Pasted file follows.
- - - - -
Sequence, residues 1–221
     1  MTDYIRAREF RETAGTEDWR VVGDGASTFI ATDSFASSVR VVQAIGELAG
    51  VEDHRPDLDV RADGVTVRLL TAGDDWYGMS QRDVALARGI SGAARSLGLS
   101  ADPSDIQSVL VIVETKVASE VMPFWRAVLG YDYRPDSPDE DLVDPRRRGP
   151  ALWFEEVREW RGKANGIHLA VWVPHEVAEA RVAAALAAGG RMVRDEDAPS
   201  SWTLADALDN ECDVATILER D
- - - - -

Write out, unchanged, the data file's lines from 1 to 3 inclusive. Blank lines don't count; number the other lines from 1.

Sequence, residues 1–221
     1  MTDYIRAREF RETAGTEDWR VVGDGASTFI ATDSFASSVR VVQAIGELAG
    51  VEDHRPDLDV RADGVTVRLL TAGDDWYGMS QRDVALARGI SGAARSLGLS